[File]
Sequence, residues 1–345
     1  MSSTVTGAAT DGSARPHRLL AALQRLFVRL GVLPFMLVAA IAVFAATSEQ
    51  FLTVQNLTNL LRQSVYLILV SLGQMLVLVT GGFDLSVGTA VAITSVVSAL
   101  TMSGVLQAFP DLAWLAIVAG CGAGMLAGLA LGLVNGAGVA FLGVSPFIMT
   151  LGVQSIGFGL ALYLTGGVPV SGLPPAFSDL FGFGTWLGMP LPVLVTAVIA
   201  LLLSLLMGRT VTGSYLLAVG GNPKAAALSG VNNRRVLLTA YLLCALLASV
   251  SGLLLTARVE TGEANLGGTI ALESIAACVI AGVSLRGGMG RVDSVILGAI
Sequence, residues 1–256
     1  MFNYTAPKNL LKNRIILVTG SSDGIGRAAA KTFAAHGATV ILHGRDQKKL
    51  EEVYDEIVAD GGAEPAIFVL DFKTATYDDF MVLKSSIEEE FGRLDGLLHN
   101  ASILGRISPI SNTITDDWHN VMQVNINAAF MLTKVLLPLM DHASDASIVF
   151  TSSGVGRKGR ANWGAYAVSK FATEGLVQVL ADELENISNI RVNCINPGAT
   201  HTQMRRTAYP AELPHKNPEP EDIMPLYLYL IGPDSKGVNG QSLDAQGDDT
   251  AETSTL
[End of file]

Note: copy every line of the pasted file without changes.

Sequence, residues 1–345
     1  MSSTVTGAAT DGSARPHRLL AALQRLFVRL GVLPFMLVAA IAVFAATSEQ
    51  FLTVQNLTNL LRQSVYLILV SLGQMLVLVT GGFDLSVGTA VAITSVVSAL
   101  TMSGVLQAFP DLAWLAIVAG CGAGMLAGLA LGLVNGAGVA FLGVSPFIMT
   151  LGVQSIGFGL ALYLTGGVPV SGLPPAFSDL FGFGTWLGMP LPVLVTAVIA
   201  LLLSLLMGRT VTGSYLLAVG GNPKAAALSG VNNRRVLLTA YLLCALLASV
   251  SGLLLTARVE TGEANLGGTI ALESIAACVI AGVSLRGGMG RVDSVILGAI
Sequence, residues 1–256
     1  MFNYTAPKNL LKNRIILVTG SSDGIGRAAA KTFAAHGATV ILHGRDQKKL
    51  EEVYDEIVAD GGAEPAIFVL DFKTATYDDF MVLKSSIEEE FGRLDGLLHN
   101  ASILGRISPI SNTITDDWHN VMQVNINAAF MLTKVLLPLM DHASDASIVF
   151  TSSGVGRKGR ANWGAYAVSK FATEGLVQVL ADELENISNI RVNCINPGAT
   201  HTQMRRTAYP AELPHKNPEP EDIMPLYLYL IGPDSKGVNG QSLDAQGDDT
   251  AETSTL